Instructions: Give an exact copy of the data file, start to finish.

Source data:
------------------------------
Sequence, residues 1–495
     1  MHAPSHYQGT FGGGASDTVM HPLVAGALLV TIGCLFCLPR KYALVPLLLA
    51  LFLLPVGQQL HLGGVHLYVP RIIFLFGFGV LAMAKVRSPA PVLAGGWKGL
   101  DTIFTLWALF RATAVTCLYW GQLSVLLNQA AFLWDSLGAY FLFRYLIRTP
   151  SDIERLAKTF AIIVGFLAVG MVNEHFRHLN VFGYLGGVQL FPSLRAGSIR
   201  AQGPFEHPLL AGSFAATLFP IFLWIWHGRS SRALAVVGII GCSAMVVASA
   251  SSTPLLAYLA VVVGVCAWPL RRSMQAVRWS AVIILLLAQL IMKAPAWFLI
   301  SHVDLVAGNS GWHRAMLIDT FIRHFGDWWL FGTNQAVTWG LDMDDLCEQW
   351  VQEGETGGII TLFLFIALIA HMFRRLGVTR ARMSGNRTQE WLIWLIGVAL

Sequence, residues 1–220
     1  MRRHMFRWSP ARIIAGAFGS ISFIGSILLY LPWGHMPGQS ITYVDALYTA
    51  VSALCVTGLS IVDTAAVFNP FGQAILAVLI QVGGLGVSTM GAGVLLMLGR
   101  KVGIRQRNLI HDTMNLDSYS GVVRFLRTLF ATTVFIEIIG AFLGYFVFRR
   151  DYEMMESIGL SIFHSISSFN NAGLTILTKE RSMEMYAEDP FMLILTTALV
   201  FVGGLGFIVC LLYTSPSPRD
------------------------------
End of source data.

Sequence, residues 1–495
     1  MHAPSHYQGT FGGGASDTVM HPLVAGALLV TIGCLFCLPR KYALVPLLLA
    51  LFLLPVGQQL HLGGVHLYVP RIIFLFGFGV LAMAKVRSPA PVLAGGWKGL
   101  DTIFTLWALF RATAVTCLYW GQLSVLLNQA AFLWDSLGAY FLFRYLIRTP
   151  SDIERLAKTF AIIVGFLAVG MVNEHFRHLN VFGYLGGVQL FPSLRAGSIR
   201  AQGPFEHPLL AGSFAATLFP IFLWIWHGRS SRALAVVGII GCSAMVVASA
   251  SSTPLLAYLA VVVGVCAWPL RRSMQAVRWS AVIILLLAQL IMKAPAWFLI
   301  SHVDLVAGNS GWHRAMLIDT FIRHFGDWWL FGTNQAVTWG LDMDDLCEQW
   351  VQEGETGGII TLFLFIALIA HMFRRLGVTR ARMSGNRTQE WLIWLIGVAL

Sequence, residues 1–220
     1  MRRHMFRWSP ARIIAGAFGS ISFIGSILLY LPWGHMPGQS ITYVDALYTA
    51  VSALCVTGLS IVDTAAVFNP FGQAILAVLI QVGGLGVSTM GAGVLLMLGR
   101  KVGIRQRNLI HDTMNLDSYS GVVRFLRTLF ATTVFIEIIG AFLGYFVFRR
   151  DYEMMESIGL SIFHSISSFN NAGLTILTKE RSMEMYAEDP FMLILTTALV
   201  FVGGLGFIVC LLYTSPSPRD